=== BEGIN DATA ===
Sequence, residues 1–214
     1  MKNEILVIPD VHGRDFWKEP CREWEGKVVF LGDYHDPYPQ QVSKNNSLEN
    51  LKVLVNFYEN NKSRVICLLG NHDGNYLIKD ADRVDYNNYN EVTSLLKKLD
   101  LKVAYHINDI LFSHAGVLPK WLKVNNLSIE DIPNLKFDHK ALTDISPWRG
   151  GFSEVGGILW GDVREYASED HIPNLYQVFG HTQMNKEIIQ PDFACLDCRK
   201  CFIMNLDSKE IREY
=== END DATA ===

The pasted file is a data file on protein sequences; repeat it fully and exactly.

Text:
Sequence, residues 1–214
     1  MKNEILVIPD VHGRDFWKEP CREWEGKVVF LGDYHDPYPQ QVSKNNSLEN
    51  LKVLVNFYEN NKSRVICLLG NHDGNYLIKD ADRVDYNNYN EVTSLLKKLD
   101  LKVAYHINDI LFSHAGVLPK WLKVNNLSIE DIPNLKFDHK ALTDISPWRG
   151  GFSEVGGILW GDVREYASED HIPNLYQVFG HTQMNKEIIQ PDFACLDCRK
   201  CFIMNLDSKE IREY